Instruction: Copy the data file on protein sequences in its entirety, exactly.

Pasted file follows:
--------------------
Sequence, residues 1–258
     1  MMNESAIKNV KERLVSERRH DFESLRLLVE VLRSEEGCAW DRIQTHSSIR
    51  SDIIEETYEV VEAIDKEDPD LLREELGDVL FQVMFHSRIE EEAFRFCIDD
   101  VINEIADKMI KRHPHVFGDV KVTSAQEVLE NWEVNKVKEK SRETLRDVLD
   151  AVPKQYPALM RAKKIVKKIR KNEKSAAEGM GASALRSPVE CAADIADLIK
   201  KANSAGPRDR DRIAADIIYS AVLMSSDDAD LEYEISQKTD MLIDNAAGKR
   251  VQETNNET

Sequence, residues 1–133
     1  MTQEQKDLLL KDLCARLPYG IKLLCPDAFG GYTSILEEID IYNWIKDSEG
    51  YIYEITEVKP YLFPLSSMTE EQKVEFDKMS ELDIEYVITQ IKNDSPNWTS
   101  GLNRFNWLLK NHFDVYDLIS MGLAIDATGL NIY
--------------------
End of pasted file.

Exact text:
Sequence, residues 1–258
     1  MMNESAIKNV KERLVSERRH DFESLRLLVE VLRSEEGCAW DRIQTHSSIR
    51  SDIIEETYEV VEAIDKEDPD LLREELGDVL FQVMFHSRIE EEAFRFCIDD
   101  VINEIADKMI KRHPHVFGDV KVTSAQEVLE NWEVNKVKEK SRETLRDVLD
   151  AVPKQYPALM RAKKIVKKIR KNEKSAAEGM GASALRSPVE CAADIADLIK
   201  KANSAGPRDR DRIAADIIYS AVLMSSDDAD LEYEISQKTD MLIDNAAGKR
   251  VQETNNET

Sequence, residues 1–133
     1  MTQEQKDLLL KDLCARLPYG IKLLCPDAFG GYTSILEEID IYNWIKDSEG
    51  YIYEITEVKP YLFPLSSMTE EQKVEFDKMS ELDIEYVITQ IKNDSPNWTS
   101  GLNRFNWLLK NHFDVYDLIS MGLAIDATGL NIY